Land Tenure Reform in East Africa: Good, Bad or Unimportant?
AbstractTheoretical arguments lead to the conclusion that there should be more land-secured credit, more investment, a more active land market, and more inequality of land in a community under freehold tenure compared with one in which the state owns and allocates the land. Detailed evidence from two communities in Kenya and Tanzania suggests that none of these conclusions holds because the stated policy differences do not in fact cause the land markets to perform differently in the two countries. These results are in broad agreement with other studies conducted in Africa in recent years that indicate that indigenous land tenure arrangements provide considerable security for investment and continue to have strong impacts on land markets even when they are no longer in effect according to the law. Copyright 1994 by Oxford University Press.
Download InfoTo our knowledge, this item is not available for download. To find whether it is available, there are three options:
1. Check below under "Related research" whether another version of this item is available online.
2. Check on the provider's web page whether it is in fact available.
3. Perform a search for a similarly titled item that would be available.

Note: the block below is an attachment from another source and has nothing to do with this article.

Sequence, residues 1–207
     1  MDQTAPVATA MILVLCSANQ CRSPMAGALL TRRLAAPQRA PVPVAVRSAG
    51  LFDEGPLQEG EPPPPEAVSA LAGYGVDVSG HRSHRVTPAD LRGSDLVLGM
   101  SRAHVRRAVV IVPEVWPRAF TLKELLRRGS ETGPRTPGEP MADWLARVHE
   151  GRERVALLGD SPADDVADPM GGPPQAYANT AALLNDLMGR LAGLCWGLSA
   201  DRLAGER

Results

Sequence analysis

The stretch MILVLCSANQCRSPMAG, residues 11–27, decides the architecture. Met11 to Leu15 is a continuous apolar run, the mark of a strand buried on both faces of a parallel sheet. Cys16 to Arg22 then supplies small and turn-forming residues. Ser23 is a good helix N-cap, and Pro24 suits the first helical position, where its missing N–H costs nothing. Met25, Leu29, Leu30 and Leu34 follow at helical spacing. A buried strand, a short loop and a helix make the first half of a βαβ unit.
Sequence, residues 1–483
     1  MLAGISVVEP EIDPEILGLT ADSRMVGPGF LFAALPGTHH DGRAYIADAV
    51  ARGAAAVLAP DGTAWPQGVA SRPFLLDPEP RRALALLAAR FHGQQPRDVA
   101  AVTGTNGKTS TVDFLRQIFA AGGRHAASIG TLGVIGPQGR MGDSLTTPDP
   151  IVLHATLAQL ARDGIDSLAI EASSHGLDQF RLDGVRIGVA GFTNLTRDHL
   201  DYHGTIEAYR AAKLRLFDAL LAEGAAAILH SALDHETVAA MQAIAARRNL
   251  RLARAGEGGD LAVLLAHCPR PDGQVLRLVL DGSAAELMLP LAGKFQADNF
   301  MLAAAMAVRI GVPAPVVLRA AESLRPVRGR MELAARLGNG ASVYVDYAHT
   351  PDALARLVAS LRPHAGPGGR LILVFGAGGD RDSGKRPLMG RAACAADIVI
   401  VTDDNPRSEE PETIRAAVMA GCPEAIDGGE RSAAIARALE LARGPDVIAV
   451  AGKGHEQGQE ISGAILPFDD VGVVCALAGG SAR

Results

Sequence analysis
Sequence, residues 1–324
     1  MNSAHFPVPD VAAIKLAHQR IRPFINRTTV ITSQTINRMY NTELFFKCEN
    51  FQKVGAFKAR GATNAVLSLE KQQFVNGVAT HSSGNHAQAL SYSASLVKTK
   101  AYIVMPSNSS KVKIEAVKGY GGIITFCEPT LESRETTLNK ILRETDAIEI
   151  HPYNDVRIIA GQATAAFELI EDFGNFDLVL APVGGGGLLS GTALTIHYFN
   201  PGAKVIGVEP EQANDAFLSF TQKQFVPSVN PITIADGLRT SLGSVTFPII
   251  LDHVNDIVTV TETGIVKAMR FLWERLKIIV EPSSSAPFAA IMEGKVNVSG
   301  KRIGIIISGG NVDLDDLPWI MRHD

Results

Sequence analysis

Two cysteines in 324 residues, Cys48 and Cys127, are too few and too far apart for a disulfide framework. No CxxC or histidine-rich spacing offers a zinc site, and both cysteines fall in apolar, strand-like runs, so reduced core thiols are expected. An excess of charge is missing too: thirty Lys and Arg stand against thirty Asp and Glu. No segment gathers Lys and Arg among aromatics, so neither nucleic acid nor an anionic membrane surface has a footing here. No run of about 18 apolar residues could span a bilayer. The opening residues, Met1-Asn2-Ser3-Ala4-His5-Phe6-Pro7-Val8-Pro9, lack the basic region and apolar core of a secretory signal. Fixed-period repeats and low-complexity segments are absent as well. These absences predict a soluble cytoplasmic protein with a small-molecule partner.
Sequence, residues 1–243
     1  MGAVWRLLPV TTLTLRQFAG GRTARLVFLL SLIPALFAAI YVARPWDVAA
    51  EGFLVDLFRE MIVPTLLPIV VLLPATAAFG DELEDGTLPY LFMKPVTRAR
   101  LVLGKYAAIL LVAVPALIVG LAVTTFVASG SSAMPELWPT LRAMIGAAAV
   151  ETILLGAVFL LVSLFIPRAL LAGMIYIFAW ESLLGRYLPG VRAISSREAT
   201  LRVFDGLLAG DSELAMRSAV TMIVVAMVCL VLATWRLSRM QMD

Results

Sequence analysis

Bibliographic InfoArticle provided by Centre for the Study of African Economies (CSAE) in its journal Journal of African Economies.
Volume (Year): 3 (1994)
Issue (Month): 1 (April)
Contact details of provider:
Postal: Oxford University Press, Great Clarendon Street, Oxford OX2 6DP, UK
Phone: +44-(0)1865 271084
Fax: 01865 267 985
Web page: http://www.jae.oupjournals.org/
More information through EDIRC
You can help add them by filling out this form.
CitEc Project, subscribe to its RSS feed for this item.
This item has more than 25 citations. To prevent cluttering this page, these citations are listed on a separate page. reading list or among the top items on IDEAS.Access and download statisticsgeneral information about how to correct material in RePEc.
For technical questions regarding this item, or to correct its authors, title, abstract, bibliographic or download information, contact: (Oxford University Press) or (Christopher F. Baum).
If references are entirely missing, you can add them using this form.